The Bold Voice of J&K

Getting to know each other, striking rapport

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Gautam Mukherjee

The Indian-American relationship has always been strangely awkward. Indian students love studying in the Ivy League colleges of America, either on scholarships, or at an enormous expense, and Americans, on their part, admire peace apostle Mahatma Gandhi and the Mughal architectural beauty of the Taj Mahal, in almost equal measure. Our understanding of each other is patchy, like the proverbial curate’s egg.
Both the sides always want to improve the other with both one-sided demands and gratuitous advice, but to little or no effect. America has a track record of getting along much better with tin-pot dictatorship and totalitarian regime where the transaction, not understanding, is the main thing. Democracy may be what both India and America espouse, and practice, but it does not seem to engender much mutual recognition of affinities.
And yet, John F Kennedy came to our rescue in 1962 when the Chinese invaded. It was probably the US show of naval muscle that sent the Chinese scurrying back. Nixon sent in the aircraft carriers too, but this time to menace us, during the liberation of Bangladesh. We also got the message. Bill Clinton summoned Nawaz Sharif from Islamabad to Camp David and threatened him with dire consequences if the Pakistan Army and irregulars did not withdraw from Kargil forthwith. Two out of three times, it was America to India’s rescue, and the third time too, there were no adverse reactions to the birthing of Bangladesh, in place of the erstwhile East Pakistan.
But our democracies, that of the US and India, do differ hugely in terms of scale. America has a much bigger land mass and many fewer people. Ours, involves 1.30 billion souls, with 525 million voting in the recent general elections, a number nearly double the entire American population. America’s democracy is neither as numerous, nor so variegated. It is also underpinned, willy-nilly, with the neo-imperialism of the biggest economy of all, and the greatest technological and military might on earth.
Is the Modi-Obama fan-dance then about an enhanced security cooperation and the pressures of geo-politics? One that is aimed at containing Chinese temptations towards expansionism? Does America want to manufacture defence equipment in India in spite of its Intellectual property rights and patent reservations? What about the stalled nuclear power equations? Only time, and tide, will tell.
Meanwhile, India is the upcoming democratic poor cousin, with three million of its ethnic brethren who are now US citizens. India as an independent republic is just 69-year-old, but also an ancient civilisation, rivalled perhaps only by China for sheer antiquity. America is just 200 years young, taking its civilisational cues from old Europe, from whence, after all, it was spawned.
After the two World Wars, the US graduated from being considered gauche colonials, gaining in stature from each. It rose to its undisputable preeminence, its massive power and glory. But it is now also being challenged by an increasingly multi-polar world, in a weakened economic state, and hampered by a tendency to be insular.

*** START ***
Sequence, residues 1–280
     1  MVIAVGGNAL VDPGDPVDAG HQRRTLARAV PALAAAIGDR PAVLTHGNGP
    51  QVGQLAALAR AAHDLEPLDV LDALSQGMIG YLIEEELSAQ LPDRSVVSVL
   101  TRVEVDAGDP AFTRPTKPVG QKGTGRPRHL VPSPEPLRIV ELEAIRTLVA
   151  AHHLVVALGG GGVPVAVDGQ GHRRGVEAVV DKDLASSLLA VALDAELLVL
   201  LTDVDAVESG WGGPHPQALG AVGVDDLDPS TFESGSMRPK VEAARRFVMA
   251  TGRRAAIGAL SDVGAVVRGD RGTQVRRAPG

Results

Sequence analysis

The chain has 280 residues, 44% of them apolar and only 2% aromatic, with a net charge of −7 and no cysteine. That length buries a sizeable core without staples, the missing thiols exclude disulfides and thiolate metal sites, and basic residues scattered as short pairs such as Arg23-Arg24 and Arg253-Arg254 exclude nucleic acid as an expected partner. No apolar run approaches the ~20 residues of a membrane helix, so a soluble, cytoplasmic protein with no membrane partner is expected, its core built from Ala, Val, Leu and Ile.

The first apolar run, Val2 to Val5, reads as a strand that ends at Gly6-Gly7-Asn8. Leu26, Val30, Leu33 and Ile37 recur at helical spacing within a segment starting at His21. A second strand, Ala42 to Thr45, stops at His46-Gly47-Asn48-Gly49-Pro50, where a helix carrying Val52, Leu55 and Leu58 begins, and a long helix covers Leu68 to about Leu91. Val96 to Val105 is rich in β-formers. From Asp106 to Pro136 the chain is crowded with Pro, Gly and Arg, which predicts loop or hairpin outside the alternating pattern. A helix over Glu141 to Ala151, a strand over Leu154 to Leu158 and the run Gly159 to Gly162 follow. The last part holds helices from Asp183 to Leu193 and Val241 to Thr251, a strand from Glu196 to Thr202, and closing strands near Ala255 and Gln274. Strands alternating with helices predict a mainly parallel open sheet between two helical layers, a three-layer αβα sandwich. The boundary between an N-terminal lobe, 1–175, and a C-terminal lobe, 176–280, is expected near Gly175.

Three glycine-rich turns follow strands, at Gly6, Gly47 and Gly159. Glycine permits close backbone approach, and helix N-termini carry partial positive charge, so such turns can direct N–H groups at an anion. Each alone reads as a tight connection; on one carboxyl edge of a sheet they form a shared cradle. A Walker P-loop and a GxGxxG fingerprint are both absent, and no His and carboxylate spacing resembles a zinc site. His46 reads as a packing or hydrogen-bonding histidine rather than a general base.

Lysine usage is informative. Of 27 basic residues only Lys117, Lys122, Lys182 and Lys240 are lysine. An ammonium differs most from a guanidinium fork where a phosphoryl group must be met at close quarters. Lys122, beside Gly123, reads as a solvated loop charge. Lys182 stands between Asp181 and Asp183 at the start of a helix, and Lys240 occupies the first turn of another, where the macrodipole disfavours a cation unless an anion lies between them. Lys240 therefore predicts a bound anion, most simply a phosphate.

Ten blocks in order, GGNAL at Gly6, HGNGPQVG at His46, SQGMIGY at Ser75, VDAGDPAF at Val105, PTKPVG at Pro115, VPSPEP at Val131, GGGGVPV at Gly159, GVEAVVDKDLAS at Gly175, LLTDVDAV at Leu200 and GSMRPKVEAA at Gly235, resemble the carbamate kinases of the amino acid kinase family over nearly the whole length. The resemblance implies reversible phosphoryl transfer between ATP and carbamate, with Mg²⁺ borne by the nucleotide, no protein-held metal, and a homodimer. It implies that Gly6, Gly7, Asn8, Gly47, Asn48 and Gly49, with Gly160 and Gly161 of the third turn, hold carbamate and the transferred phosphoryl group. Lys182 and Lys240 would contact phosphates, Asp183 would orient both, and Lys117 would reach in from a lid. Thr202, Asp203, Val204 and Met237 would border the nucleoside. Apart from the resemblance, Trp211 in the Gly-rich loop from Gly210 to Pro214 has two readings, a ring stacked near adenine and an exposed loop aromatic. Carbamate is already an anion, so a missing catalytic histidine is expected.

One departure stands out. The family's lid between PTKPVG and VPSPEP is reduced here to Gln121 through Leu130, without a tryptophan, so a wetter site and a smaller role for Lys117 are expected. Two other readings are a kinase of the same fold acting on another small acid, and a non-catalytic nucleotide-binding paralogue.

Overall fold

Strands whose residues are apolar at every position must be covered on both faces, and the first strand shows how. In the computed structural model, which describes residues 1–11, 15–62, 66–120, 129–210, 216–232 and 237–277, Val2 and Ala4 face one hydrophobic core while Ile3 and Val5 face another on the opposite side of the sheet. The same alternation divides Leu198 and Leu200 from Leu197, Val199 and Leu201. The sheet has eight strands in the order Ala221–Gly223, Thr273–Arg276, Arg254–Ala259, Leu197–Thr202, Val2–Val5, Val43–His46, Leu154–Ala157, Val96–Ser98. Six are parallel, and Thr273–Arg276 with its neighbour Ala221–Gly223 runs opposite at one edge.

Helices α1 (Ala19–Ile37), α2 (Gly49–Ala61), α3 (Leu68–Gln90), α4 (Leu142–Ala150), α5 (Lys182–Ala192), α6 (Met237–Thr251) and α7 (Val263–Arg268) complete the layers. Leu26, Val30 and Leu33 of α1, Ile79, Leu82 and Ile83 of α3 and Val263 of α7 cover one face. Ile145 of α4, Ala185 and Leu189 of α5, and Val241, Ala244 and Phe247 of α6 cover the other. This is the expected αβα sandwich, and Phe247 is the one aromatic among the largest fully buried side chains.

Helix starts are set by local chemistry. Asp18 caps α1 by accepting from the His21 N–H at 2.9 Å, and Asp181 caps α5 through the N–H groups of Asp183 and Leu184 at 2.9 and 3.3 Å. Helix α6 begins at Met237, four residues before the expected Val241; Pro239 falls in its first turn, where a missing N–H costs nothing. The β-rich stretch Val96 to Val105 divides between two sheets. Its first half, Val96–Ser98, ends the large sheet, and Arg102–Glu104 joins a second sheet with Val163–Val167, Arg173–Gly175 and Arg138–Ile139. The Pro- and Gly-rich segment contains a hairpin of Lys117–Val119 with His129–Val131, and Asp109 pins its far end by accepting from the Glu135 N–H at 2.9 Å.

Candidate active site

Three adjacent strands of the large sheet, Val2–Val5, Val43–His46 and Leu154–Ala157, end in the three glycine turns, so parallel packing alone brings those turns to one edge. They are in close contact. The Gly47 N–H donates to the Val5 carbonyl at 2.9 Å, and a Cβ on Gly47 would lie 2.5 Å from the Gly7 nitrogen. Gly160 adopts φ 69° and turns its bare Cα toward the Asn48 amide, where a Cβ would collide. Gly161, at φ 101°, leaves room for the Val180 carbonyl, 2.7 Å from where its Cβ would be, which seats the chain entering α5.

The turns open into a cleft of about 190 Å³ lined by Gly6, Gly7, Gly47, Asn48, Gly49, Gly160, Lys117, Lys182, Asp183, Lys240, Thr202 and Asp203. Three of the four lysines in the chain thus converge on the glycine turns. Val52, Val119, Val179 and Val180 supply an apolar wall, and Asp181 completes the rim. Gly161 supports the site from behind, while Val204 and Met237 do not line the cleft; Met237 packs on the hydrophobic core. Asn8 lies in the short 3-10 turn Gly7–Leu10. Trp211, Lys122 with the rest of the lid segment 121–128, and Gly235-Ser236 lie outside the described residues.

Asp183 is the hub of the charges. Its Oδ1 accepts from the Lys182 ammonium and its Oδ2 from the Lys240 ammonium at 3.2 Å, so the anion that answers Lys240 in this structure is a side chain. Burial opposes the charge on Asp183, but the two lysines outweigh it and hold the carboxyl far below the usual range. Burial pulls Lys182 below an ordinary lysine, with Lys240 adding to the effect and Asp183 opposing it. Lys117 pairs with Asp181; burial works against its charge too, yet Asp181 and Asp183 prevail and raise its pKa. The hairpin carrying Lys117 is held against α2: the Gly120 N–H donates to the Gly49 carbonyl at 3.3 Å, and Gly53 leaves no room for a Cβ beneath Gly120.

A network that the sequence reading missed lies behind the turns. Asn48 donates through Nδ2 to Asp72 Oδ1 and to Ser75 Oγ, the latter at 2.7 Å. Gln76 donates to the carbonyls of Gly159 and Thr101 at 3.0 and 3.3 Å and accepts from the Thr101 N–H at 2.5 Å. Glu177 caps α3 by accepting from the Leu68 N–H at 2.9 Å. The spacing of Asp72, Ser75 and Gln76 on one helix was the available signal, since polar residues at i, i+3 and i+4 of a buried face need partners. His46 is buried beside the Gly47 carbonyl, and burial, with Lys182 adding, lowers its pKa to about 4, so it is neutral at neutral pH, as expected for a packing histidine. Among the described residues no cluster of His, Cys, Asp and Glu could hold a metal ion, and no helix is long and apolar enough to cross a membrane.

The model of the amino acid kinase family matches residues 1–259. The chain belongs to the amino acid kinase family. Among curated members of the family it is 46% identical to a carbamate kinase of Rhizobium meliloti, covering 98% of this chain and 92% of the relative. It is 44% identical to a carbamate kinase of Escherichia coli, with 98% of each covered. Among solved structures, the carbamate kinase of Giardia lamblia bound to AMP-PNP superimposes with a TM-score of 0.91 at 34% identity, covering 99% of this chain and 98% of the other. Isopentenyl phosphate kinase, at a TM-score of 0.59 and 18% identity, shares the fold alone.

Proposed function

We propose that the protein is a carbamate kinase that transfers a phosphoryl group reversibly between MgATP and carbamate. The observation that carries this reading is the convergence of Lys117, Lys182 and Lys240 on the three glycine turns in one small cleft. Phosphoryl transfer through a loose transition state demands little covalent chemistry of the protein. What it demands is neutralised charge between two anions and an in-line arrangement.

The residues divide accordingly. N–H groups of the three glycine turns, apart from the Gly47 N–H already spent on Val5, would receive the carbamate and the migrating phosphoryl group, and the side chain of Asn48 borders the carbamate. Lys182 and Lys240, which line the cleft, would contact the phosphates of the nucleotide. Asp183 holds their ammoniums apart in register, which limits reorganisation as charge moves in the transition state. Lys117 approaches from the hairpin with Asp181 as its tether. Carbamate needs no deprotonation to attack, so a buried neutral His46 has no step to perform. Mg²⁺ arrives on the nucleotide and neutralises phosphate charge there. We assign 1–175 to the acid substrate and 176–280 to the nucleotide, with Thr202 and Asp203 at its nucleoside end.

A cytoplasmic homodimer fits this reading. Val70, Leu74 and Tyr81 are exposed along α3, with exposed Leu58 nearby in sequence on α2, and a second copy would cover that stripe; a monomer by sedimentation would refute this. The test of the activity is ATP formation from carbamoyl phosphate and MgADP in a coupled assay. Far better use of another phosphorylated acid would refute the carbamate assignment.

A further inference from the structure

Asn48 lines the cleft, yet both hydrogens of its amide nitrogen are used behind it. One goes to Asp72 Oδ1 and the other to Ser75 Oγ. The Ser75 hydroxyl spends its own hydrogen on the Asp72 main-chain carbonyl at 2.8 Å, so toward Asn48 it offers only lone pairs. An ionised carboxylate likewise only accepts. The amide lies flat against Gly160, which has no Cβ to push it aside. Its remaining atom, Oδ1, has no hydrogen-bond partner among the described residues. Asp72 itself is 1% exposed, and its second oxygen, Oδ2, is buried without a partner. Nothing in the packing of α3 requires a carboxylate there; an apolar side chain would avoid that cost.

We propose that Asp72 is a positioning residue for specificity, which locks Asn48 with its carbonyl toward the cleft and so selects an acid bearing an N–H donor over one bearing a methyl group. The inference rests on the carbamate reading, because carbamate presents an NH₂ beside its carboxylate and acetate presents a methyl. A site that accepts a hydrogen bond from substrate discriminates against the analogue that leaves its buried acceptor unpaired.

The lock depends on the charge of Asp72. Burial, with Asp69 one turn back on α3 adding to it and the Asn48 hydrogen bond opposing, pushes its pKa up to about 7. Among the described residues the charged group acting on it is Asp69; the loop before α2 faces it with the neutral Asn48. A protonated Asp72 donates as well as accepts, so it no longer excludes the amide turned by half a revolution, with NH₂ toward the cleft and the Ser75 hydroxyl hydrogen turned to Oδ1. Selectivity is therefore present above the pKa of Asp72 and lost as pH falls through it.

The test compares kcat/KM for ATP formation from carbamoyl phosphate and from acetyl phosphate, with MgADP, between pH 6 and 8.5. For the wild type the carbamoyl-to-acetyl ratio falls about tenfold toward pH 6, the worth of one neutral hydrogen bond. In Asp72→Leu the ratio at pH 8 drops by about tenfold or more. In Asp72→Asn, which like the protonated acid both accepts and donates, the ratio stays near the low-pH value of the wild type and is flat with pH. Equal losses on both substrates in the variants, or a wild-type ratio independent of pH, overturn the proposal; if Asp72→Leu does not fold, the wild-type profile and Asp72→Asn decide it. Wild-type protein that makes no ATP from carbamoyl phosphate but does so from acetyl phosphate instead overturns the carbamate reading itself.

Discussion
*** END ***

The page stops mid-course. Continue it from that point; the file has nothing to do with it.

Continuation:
Totalitarian China, set on its ascendancy by Nixon, is catching up, with a possibility of overtaking it in the coming decades.  India is bringing up the rear, from a long way behind. But, if all goes well, she too could be ranked very much higher in the not too distant future. And yet, not just now, but always, there has been a clumsiness at our mutual efforts to draw closer.
It is, therefore, difficult to expect very much from Prime Minister Narendra Modi’s visit to America beyond a level of satisfying personal vindication on his part, pleasant ‘optics’ on all the Indian TV channels blanket-covering the visit, and an evident swell of pride in the American-Indian community.
Mr Modi’s first visit to Washington, DC, as Prime Minister also coincides with President Barack Obama going into his lame-duck period. And judging by how the India-US relationship went into limbo after the warmth of George W Bush’s second term, India can only really expect to make a proper accounting of where things are going strategically, once the new US President assumes office in 2016.
Modi has certainly assessed this, and spent a lot of time meeting many people from the American business community, boosting ties with the Indian diaspora, illustrated in some measure by permanent visas for Persons of Indian Origin. He met politicians and influencers from both the Democratic and  Republican Parties. He wants to tell all those who wish to know that he will make things very much more hospitable once he comes back home. This should attract a flow of new investment in due course, assuming that the Americans are enthused.

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